1) Accessibility gap in theological education (the challenge of unequal distribution) The absolute majority of resources for theological education both teaching staff, scholarship funds, theological libraries and publications are still located in the North, whereas the majority needs and demands for theological education, in a situation marked by a remarkable shift of the center of gravity of world Christianity, are in the Southern hemisphere. There is a tremendous gap between the availability of resources and programmes for theological education and the growth of Christianity in various regions of the world. Both do not correspondent properly.24 The dramatic increase in demands for general higher education due to younger and dynamic populations in Asia and Africa which is reflected also in growing demands for theological education and theological study programs is not answered yet by a similar increase of opportunities in theological education. In Nepal for instance where the number of Christians has grown from zero to 900.000 only within the past fifty years, many pastors have only a rudimentary 5-month training program which enables them to read the Bible and to pray, but no common BD course is offered yet. There is an enormous zeal to serve God, but an enormous lack of well-trained pastors and theological educators and still no M.Th. course is available within that country. More than 50% of all Southern African church leaders (African Instituted Churches included) do not have any formal theological degree because degree programmes of theological education are not accessible or affordable for them. The crisis of world economy in past years has deeply affected theological education systems, both in endowment based theological colleges as well as in state funded departments for theology or religious studies. There is a widening gap between state-funded or endowment driven theological colleges in the North and the smaller, highly vulnerable church based theological colleges in the South. In contexts where the monthly average salary is below 30 USD it is difficult to come up with expenses for a normal theological book of 60USD or for access fees of electronic theological journals which are demanded by some commercial providers. There is a grave lack of scholarships and grants available for higher studies in theological education in almost all theological colleges of the South and several churches in the South are facing increasing difficulties to fund their institutions of theological education. The predominant bilateralism of donations for funds supporting theological education has weakened international or centralized regional structures to support faculty development in theological education. One of the crucial challenges for theological education in Asia as well as Africa for the 21st century is to explore the most appropriate forms of inner- and inter-regional solidarity between institutions of theological education. How can the stronger parts (churches) really assist the weaker parts while avoiding to use their influence and power to impose models of theological education from outside which are not properly rooted within a given cultural context? With reduced funds available in future from western and northAtlantic partners the issue of inner Asian and African solidarity, resource sharing and complementarity between the different sectors of Asian and African Christianity will become an imperative which is vital for the 21st century Christianity. The newly created regional forums of associations of theological schools (FETLAC in Latin America, The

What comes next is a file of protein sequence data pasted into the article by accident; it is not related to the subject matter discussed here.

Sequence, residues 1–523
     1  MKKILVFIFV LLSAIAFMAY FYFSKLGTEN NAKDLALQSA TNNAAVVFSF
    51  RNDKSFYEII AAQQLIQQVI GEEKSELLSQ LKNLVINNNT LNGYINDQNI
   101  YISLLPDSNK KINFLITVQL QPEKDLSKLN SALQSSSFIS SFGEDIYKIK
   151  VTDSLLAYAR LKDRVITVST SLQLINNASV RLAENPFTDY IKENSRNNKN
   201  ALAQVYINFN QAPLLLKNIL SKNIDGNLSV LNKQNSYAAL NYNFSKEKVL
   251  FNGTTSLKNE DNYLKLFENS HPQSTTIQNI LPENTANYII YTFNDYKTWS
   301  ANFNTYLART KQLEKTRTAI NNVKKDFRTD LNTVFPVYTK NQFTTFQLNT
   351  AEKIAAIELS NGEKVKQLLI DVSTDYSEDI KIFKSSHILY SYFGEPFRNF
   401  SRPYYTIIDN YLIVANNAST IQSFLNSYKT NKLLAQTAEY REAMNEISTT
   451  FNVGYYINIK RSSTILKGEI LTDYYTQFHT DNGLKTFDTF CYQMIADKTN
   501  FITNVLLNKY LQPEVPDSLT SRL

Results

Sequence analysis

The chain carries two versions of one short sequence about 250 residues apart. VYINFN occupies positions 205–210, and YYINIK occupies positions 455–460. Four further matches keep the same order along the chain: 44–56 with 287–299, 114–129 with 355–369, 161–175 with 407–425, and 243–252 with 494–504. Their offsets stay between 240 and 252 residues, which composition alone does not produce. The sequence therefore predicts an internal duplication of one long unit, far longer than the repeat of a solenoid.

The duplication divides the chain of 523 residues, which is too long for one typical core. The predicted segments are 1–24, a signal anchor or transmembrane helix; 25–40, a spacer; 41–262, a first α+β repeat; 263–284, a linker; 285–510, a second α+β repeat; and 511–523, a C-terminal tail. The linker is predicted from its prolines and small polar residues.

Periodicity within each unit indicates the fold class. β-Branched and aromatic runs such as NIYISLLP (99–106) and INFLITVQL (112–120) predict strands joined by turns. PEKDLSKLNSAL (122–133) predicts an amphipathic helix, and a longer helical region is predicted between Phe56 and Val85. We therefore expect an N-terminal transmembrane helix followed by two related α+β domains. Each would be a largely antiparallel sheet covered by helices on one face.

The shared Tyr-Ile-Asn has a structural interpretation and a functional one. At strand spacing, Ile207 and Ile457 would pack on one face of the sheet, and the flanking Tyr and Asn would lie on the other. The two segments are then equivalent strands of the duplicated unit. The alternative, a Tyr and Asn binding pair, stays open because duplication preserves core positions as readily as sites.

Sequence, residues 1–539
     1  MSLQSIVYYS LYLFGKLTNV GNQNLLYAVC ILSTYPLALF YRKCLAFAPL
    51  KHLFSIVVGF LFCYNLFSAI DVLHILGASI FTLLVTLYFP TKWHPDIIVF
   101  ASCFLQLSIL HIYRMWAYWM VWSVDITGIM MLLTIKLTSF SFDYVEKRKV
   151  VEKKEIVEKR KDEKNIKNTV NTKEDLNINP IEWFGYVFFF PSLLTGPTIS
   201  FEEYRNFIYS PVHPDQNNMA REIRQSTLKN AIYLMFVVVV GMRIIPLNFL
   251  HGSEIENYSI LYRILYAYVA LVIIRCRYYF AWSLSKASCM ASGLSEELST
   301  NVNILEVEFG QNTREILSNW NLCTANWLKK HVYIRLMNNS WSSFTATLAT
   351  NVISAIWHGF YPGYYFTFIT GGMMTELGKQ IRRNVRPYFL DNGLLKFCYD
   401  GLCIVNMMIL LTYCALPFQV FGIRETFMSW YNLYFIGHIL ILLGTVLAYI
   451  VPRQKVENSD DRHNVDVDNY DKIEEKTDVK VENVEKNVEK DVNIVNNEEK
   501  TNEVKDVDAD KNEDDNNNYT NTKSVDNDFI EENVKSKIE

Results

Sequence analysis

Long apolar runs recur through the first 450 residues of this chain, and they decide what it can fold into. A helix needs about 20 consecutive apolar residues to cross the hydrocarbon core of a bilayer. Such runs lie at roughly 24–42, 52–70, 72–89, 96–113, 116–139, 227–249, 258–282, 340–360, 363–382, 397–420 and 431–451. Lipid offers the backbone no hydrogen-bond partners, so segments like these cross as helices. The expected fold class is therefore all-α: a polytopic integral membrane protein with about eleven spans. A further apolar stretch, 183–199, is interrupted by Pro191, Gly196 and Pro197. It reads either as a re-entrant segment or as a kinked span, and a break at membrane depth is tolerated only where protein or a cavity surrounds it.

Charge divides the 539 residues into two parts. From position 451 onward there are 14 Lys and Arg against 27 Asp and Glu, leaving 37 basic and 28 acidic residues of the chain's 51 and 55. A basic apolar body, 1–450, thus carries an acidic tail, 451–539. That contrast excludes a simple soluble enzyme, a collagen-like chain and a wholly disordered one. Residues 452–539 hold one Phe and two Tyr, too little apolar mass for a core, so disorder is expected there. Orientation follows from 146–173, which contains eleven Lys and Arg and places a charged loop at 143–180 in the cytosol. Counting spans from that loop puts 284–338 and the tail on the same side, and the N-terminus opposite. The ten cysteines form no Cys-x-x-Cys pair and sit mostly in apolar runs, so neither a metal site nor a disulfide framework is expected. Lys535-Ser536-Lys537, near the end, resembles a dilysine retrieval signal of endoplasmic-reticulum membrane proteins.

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The following points are also referred to in: Edinburgh 2010 and the future of theological education in the 21 st century. Report of parallel session on theological education Edinburgh 2010 (will be published in final Edinburgh 2010 conference volume) 24 Global Study Report on Theological Education, a.a.O., p. 82, Section 24) Bridging the divide in terms of unequal accessibility of theological education